He has used it to stunning effect. The audio and video effects in OpenMovieEditor work splendidly, although many of them could use more settings controls to move them into a more professional realm. The latest addition to his bag of tricks though is a major step in the right direction and something hereto unheard-of in the realm of open-source video editing packages: nodes-based compositing, which can use all the installed video effects (although Blender also has a nodes-based compositor, its interface with the video editor is oblique and patterned more after the fashion of a finishing system than a video editor).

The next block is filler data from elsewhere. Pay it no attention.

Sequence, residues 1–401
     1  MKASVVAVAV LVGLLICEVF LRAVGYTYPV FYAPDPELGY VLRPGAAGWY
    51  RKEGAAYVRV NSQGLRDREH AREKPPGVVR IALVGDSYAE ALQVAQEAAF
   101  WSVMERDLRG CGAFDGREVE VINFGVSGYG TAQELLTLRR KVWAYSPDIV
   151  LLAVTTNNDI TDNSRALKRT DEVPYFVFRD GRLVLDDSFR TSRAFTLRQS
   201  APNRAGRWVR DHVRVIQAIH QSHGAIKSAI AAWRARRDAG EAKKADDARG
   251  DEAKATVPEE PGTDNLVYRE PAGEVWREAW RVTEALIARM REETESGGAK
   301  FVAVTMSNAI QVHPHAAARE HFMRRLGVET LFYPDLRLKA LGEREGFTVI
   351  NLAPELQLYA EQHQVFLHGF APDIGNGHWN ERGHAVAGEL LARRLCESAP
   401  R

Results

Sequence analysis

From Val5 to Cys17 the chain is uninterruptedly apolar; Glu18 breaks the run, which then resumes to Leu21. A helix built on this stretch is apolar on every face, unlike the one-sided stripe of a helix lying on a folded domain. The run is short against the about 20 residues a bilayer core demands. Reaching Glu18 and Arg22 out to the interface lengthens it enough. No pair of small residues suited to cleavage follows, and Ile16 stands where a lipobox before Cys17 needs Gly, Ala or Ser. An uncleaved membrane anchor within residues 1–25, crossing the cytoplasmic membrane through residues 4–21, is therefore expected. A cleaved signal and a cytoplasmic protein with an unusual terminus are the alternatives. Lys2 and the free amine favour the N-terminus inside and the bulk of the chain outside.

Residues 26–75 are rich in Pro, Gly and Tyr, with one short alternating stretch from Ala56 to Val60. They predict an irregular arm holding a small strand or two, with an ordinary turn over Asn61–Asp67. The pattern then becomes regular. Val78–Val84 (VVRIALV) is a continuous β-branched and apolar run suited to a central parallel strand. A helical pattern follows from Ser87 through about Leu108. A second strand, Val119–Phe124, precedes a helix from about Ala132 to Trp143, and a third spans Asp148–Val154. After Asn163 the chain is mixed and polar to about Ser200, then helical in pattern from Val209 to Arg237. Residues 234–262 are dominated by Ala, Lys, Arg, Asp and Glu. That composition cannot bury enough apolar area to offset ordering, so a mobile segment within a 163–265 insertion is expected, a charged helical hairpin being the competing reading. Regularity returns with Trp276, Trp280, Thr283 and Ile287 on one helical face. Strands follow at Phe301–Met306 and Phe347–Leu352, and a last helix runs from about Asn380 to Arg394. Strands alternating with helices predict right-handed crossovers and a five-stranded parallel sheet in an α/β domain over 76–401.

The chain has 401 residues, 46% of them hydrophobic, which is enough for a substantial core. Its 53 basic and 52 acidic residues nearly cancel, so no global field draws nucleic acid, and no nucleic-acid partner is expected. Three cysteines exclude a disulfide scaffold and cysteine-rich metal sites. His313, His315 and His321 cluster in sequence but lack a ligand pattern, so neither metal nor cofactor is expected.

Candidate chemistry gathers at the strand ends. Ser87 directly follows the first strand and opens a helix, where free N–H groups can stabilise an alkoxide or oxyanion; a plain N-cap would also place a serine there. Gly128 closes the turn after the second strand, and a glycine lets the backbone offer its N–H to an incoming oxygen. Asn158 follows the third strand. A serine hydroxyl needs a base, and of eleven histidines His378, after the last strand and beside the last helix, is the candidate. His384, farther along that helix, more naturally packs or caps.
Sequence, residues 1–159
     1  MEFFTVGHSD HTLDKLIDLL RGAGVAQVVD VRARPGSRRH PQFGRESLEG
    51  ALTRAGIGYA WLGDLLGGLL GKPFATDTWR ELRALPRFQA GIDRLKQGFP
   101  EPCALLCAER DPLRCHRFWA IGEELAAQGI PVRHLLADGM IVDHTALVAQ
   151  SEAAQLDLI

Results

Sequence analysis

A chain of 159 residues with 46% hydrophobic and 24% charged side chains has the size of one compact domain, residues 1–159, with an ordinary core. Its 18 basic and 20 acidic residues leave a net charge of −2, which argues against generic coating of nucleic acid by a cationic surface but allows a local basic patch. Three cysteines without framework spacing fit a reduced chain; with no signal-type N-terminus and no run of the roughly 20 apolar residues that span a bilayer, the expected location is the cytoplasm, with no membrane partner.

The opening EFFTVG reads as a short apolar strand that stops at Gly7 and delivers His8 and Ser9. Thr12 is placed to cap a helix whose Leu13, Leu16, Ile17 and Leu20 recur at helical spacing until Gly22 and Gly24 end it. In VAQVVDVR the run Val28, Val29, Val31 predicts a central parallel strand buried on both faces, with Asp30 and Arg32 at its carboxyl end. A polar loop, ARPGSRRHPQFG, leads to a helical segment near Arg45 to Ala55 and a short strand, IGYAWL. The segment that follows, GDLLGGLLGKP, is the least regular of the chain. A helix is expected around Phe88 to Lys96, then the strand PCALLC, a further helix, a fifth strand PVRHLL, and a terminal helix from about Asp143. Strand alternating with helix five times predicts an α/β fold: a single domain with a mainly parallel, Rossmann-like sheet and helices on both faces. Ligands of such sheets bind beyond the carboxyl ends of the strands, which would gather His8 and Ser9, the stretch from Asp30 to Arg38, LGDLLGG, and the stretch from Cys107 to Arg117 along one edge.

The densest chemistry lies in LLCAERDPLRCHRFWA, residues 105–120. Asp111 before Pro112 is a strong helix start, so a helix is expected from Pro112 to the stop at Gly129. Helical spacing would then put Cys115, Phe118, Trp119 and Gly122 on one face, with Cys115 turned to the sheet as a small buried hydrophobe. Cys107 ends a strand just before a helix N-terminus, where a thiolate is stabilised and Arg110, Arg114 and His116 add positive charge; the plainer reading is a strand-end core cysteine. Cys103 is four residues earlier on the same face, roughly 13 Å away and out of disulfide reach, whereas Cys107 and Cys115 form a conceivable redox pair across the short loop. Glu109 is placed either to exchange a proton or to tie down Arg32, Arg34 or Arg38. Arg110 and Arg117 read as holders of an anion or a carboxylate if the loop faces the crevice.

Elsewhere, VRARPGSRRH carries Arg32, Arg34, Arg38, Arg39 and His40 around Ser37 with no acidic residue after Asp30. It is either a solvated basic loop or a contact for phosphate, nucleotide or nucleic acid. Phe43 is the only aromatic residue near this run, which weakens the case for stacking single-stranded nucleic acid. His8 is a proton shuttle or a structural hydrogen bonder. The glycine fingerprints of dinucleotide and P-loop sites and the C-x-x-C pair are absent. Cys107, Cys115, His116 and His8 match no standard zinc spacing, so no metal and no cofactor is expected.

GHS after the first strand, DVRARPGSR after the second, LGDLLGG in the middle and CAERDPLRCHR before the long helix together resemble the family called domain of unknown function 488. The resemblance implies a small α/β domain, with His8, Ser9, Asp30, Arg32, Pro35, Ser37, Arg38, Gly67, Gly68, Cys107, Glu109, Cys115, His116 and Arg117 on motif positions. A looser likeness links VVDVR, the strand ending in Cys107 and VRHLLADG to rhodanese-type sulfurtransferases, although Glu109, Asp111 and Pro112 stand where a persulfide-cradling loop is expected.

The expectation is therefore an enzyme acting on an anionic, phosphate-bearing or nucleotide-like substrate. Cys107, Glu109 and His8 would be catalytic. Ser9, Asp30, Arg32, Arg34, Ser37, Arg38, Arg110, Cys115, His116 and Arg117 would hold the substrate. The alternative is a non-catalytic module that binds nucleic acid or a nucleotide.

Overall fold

OpenMovieEditor is unique among Linux multitrack editors in that it is capable of running its audio through the JACK Audio Connection Kit (JACK). This gives it access to all the excellent, readily available Linux pro-audio tools, and with proper kernel patching it works in real time. The upshot is that you can use OpenMovieEditor as part of a sync chain that will allow you to create, compose and tweak your soundtrack while always seeing the video and hearing the audio as it's mixed. It's hard to overstate the power of this; it is unambiguously a professional feature, and it's a great benefit to independent filmmakers and small studios who need the performance it offers and aren't able to buy the higher-end turnkey systems on offer for the film industry. But Spindler isn't done—he and his community members are working on integrating the system with Inkscape and with Blender for generating new transitions and other effects. The future on this seems bright!